This really is what the title implies - a Wine Bible, so whether you are a beginner to wine or a seasoned pro, you'll find plenty of useful and fascinating stuff on wine. It has been described as thoroughly informative and also entertaining, can't be bad!
A great book for the wine novice, as it's direct and easy to comprehend. If you're wondering how to order wine in a restaurant or buy it from a store, you'll learn how to do it the correct way. Not for wine snobs!
This book needs no introduction to most who know a little about wine. Jancis Robinson shows off her huge talent as an editor and has done a sterling task here. If you're wanting to learn about wine, this is the right wine book to invest in, you won't regret it.
BRILLIANT AS WELL!
Sunsets and Flowers
Return to Ireland with visits to the US
After arriving back in Ireland, we take a trip to North Carolina in the States and a new passion of photography is born. I bought my first DSLR camera, a Nikon D90 with a couple of lenses and I've never looked back. Since then my supply of lenses has slowly grown - typical photographer, or male - I have gadget weakness!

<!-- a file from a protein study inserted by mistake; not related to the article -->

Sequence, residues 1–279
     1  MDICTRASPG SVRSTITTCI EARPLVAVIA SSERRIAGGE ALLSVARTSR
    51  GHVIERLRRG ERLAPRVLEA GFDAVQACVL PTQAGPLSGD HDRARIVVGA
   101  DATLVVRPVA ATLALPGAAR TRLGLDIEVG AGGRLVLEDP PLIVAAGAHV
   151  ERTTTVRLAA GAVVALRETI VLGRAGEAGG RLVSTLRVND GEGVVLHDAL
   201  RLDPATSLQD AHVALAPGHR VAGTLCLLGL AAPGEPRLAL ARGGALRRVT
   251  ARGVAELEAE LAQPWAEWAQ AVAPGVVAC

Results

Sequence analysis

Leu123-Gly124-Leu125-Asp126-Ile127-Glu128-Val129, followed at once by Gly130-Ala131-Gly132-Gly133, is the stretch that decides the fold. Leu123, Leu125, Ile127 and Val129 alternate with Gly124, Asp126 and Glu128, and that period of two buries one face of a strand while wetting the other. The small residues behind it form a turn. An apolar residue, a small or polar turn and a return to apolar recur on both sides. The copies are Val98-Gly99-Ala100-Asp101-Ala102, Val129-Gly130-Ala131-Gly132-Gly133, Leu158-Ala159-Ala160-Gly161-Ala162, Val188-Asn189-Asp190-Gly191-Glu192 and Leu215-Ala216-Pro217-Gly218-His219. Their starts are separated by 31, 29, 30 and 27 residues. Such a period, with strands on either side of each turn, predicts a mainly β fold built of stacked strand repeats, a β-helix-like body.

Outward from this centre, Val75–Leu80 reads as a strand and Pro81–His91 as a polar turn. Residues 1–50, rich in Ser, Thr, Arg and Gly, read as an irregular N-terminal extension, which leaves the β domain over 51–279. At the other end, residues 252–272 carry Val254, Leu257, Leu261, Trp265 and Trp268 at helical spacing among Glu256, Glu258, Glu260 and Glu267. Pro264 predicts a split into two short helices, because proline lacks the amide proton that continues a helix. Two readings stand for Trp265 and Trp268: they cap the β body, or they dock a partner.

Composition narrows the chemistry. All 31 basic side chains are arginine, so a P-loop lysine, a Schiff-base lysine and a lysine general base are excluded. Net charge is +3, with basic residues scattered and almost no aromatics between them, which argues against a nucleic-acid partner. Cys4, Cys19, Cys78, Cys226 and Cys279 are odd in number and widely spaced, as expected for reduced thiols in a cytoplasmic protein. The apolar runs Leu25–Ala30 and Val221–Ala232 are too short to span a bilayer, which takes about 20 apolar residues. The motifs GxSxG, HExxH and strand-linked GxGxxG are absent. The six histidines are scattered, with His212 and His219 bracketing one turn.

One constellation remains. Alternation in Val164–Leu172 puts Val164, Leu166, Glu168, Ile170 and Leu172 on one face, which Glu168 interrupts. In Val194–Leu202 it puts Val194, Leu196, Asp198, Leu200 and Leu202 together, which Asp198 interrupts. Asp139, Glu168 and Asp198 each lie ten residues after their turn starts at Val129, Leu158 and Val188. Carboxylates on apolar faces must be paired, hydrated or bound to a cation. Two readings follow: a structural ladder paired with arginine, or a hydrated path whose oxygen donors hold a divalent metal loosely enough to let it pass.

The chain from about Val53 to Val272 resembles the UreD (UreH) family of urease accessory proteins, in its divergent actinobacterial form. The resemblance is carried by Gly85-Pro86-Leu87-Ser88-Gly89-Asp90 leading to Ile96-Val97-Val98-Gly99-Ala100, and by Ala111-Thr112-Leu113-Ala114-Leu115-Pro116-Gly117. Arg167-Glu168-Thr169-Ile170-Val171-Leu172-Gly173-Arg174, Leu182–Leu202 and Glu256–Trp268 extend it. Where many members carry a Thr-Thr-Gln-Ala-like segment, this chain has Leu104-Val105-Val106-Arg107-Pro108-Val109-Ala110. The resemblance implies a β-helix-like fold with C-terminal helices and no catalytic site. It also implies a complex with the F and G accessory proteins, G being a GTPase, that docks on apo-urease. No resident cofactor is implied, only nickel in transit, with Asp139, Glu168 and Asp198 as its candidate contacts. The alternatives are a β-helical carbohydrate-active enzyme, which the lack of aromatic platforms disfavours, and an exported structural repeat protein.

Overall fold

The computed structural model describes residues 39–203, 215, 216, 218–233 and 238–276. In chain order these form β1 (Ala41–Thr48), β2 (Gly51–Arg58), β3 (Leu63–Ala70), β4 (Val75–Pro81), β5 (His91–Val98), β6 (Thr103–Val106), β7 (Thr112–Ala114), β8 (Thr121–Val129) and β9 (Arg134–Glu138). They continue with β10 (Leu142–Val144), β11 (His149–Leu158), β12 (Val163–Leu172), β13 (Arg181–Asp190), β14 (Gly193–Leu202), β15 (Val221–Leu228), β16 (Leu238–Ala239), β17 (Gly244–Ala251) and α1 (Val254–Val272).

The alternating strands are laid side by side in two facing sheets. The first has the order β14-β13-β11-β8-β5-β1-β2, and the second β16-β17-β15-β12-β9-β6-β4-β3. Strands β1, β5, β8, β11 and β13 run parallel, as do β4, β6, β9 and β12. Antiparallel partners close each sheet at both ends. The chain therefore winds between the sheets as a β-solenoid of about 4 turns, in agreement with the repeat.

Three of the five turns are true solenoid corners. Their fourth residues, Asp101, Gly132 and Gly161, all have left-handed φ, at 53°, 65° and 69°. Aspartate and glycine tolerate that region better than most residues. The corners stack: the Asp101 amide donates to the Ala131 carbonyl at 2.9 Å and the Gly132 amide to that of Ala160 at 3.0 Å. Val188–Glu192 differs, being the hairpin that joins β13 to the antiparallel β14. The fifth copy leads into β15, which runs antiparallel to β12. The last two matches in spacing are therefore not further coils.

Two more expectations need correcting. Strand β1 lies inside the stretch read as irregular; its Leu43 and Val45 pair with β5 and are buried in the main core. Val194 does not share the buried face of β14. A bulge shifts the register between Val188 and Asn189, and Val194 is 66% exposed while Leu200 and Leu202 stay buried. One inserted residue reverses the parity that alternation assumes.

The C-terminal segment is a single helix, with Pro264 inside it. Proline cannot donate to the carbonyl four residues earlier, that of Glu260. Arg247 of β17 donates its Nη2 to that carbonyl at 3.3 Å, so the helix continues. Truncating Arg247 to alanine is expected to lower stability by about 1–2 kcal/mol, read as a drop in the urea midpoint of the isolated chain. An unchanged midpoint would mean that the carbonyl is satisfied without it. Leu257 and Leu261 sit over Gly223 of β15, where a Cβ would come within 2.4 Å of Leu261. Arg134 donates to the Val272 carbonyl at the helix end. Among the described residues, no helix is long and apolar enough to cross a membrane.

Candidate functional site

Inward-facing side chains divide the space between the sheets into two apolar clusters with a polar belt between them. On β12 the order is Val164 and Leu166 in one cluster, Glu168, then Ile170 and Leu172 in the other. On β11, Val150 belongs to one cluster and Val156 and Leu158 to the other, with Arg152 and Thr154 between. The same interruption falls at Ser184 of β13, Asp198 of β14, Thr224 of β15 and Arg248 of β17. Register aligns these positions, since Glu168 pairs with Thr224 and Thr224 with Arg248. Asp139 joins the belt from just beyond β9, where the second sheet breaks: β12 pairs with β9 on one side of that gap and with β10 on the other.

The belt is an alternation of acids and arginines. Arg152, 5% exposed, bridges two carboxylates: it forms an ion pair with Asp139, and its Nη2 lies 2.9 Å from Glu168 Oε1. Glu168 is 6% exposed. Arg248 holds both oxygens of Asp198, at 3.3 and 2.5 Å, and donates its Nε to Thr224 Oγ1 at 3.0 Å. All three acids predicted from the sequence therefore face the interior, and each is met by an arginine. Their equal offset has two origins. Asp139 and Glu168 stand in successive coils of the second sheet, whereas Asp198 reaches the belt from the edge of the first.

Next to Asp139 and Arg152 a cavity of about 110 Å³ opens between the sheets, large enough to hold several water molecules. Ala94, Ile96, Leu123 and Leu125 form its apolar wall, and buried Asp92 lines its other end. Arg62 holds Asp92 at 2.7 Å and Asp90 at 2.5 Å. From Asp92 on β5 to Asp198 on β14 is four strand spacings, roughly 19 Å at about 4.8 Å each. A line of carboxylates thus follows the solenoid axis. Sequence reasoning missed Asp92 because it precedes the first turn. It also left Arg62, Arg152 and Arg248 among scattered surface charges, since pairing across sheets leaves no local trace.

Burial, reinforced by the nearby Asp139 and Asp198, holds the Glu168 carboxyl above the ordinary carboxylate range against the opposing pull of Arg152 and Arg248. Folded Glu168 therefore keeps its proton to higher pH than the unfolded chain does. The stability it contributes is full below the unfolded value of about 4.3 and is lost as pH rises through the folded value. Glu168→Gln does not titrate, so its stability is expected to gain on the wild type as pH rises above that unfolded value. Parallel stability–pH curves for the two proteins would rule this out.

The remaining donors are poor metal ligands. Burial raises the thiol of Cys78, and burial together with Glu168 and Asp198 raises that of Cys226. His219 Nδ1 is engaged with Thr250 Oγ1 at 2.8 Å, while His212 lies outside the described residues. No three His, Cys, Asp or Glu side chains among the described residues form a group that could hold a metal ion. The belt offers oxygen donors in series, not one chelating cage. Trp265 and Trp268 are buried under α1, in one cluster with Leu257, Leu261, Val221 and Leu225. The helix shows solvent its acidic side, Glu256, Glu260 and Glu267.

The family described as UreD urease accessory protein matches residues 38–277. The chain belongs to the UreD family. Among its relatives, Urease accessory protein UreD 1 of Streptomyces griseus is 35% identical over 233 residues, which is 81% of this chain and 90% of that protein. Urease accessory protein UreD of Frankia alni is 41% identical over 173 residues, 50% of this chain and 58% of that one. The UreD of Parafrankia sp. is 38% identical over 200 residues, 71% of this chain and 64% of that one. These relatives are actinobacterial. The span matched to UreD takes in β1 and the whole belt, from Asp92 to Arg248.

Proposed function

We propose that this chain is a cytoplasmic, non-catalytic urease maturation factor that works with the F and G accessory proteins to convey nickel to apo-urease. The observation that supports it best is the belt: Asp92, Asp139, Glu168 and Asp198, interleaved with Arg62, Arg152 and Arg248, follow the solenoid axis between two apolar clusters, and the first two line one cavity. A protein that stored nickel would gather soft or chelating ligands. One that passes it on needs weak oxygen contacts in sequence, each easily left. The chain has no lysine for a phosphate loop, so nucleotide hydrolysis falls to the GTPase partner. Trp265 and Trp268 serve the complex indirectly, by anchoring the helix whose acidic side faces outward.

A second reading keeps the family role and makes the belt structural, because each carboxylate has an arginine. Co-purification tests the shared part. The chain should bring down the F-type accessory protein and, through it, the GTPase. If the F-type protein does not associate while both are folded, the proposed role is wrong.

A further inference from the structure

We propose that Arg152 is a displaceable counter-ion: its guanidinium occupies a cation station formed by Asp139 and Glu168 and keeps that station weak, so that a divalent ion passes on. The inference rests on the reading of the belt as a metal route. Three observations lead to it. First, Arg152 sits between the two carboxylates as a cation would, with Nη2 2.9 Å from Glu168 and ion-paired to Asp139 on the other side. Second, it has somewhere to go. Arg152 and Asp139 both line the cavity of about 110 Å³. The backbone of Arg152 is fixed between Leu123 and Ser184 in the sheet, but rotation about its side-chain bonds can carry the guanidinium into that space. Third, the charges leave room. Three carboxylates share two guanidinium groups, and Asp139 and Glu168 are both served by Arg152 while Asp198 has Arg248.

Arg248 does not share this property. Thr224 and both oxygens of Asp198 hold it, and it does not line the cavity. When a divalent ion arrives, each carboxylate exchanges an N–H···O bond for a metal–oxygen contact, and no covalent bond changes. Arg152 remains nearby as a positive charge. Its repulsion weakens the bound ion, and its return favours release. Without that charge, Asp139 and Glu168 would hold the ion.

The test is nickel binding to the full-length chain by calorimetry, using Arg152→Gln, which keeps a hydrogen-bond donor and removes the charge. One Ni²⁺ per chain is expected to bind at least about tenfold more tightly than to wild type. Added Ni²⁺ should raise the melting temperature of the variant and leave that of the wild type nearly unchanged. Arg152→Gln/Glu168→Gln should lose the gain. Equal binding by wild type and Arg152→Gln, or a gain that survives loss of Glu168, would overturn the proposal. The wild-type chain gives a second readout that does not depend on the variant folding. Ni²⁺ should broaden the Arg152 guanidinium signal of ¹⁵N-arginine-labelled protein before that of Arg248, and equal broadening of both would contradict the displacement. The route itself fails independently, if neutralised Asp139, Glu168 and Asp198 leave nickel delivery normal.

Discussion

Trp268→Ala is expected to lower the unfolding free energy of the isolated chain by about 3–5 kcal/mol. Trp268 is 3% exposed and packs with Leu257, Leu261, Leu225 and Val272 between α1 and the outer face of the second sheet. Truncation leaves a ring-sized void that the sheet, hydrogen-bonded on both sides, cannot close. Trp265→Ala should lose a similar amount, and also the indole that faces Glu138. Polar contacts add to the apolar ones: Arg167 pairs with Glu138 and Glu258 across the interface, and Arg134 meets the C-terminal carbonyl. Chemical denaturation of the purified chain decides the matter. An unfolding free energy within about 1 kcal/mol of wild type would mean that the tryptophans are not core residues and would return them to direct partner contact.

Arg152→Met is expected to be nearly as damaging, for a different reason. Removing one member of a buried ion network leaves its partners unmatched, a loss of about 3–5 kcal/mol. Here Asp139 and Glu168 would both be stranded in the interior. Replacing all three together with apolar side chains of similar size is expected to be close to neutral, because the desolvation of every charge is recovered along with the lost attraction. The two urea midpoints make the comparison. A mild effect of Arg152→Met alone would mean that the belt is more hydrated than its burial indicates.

Anyhow, I'm now well placed to capture loads of beautiful things all around me. My earliest loves in photography were taking close-ups of flowers, and I took hundreds and hundreds of images. It became addictive as I peered through the lens into a new macro world at predominantly plants and insects.
Below is a small selection of my yellow flowers or those with a touch of yellow in them.
Flowers A to Z
If you enjoy your flowers, then this book is a must-have. It contains so much useful information on all aspects from the growing stage through to cutting and arranging the blooms.
The author has included some great favorites like peonies, hydrangeas and fritillaria, as well as numerous unique varieties. Being a comprehensive book, each flower has two pages to include all the advice and tips, and also handling and care.
FABULOUS REFERENCE BOOK
Coldplay Live - Yellow - In HD
The macro world of a flower makes one realize how amazing nature is, and the microscopic detail that is normally outside our range of eyesight is wonderful. This is what a bee sees as it flies in to feed on the nectar - an abundance of tiny things that make-up part of the flower's reproductive system.
The more close-up macro work I do, the more I get consumed by natures beauty.
The pretty tree peony with its lemon yellow flowers has always caught my attention when I walk into my parents garden. It has an opulent beauty with abundance.